I re-read this stuff after reading Praetor's sequel thread about the Excelsior size HERE
. A shame we weren't able to see more after this, but I'm happy we got what we did.
You know what though? I think the "history book" of the Excelsior class could be finalized and published as exactly that - a biographical recount of the ship and her sisters, through the major points of her development and active service. It's basically written that way anyway, albeit with a number of "personal" perspectives that don't really fit into a tech manual.
The best part is that re-doing this as a history book would be relatively simple, as most of the work is already done. I would present most of the text as-is, but add the context that it's actually a work of historical research, much like pretty much any history text you've ever read. I've recently read a couple books about stuff like the building of the RMS Titanic, or about the experiences of various WWII fighter pilots. The only real thing separating books like that with what Praetor has written is the illustration of the more factual points with quotes or "interviews" with the people involved.
For example, "excerpts" of interviews with the "author" and various people involved could be used to provide a more personal look at the development of the ship. What did Admiral Morrow think about the justification of the cost of the Excelsior, in his own words? What did Dr. Wazzisname say about the promise of transwarp drive in his speech at the Starfleet Propulsion Labs fall mixer? And just what did the very "vocal" opponent of transwarp, Montgomery Scott, say to the supporters? Heck, you could even include now-declassified excerpts from officers or personal logs of various people involved, thus finally giving a reason for having those things in the first place. :P
Here's what I dreamed up over lunch today:
Since the conclusion of the Romulan War, two polarized elements of Starfleet had long fought over the existence of Starfleet warships. Starfleet had been initially founded under the auspices of peaceful exploration and defense, but proponents of a more militaristic Starfleet argued that the narrow victory of the Romulan war had proven the need for dedicated battleships.
The Opponents countered that such ships would only truly be useful in the event of another full-scale war, and that multi-purpose starships could be well-equipped to maintain the peace. Initially, Starfleet operated battleships that were a part of its leftover Romulan War fleet, but gradually the costs of keeping these in operation outweighed their apparent need, and newer multi-puprose ships easily replaced their tactical roles. Militaristic proponents continued to press the need for more dedicated warships, and opponents continued to dispute them.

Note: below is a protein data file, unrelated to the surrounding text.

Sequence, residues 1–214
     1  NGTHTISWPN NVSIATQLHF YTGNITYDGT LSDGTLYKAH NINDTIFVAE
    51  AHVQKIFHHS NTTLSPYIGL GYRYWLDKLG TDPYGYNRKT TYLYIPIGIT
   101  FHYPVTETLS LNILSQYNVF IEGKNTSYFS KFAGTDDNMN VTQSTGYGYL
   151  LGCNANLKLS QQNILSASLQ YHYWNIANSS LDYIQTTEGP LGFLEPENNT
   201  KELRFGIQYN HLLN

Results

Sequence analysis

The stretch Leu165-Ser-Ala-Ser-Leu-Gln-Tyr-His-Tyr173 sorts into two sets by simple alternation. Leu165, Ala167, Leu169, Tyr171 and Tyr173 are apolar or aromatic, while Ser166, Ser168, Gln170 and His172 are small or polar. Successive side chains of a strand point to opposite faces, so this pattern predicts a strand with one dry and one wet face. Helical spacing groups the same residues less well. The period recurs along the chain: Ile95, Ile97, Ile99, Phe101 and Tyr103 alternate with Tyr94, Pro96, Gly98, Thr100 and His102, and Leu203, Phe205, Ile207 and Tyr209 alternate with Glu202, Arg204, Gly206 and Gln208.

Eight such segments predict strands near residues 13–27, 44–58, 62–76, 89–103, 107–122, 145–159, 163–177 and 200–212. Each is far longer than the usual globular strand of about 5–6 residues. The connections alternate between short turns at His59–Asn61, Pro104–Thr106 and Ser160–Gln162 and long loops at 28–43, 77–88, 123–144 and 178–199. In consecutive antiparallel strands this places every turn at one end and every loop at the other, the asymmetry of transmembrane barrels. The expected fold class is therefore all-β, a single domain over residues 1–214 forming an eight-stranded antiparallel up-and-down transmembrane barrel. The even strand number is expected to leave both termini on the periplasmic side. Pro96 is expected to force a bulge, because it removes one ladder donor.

"In one hundred years we have developed starships which are larger, faster, and more capable than ever before. We have also developed tools capable of not only scientific, humanitarian, but also limitless military application. And yet, these tools are rarely seen aboard our flagships, and limited only to experimental use and deployment, in the name of a 'peace' that only continues to become more fragile as we continue to explore the galaxy. We have the ships. We have the technology. Why do the two never mix?" - Commander Lance Cartwright, address to the Admiralty, 2251
This argument would rage for decades, with neither side truly gaining any leverage until the 2250s. By that time, the Klingon danger loomed heavily, and many of Starfleet’s most prominent officers began to speak publicly about the need for a new Dreadnought class to meet any potential Threat attacks. Politically motivated budget cuts initially impaired any such major development projects, but eventually the movement gained enough momentum that serious fears began to emerge amongst the general populace about the safety of the Federation.
"Humanity and its allies in the Federation are a gestalt of intellect and physical capacity that together create things that no single species ever could. However, history knows that our ability to create is only exceeded by our ability to destroy, and so the principles of the Federation are our only true rulebook as we build ever better starships to reach out to new worlds in peace." - Dr. Larry Marvick, "The Constitution of our Constitution"
Such were my thoughts in re-reading this very cool thread.
Thanks Praetor for writing what you have. I hope you find the time to do more someday, on this or any other ship.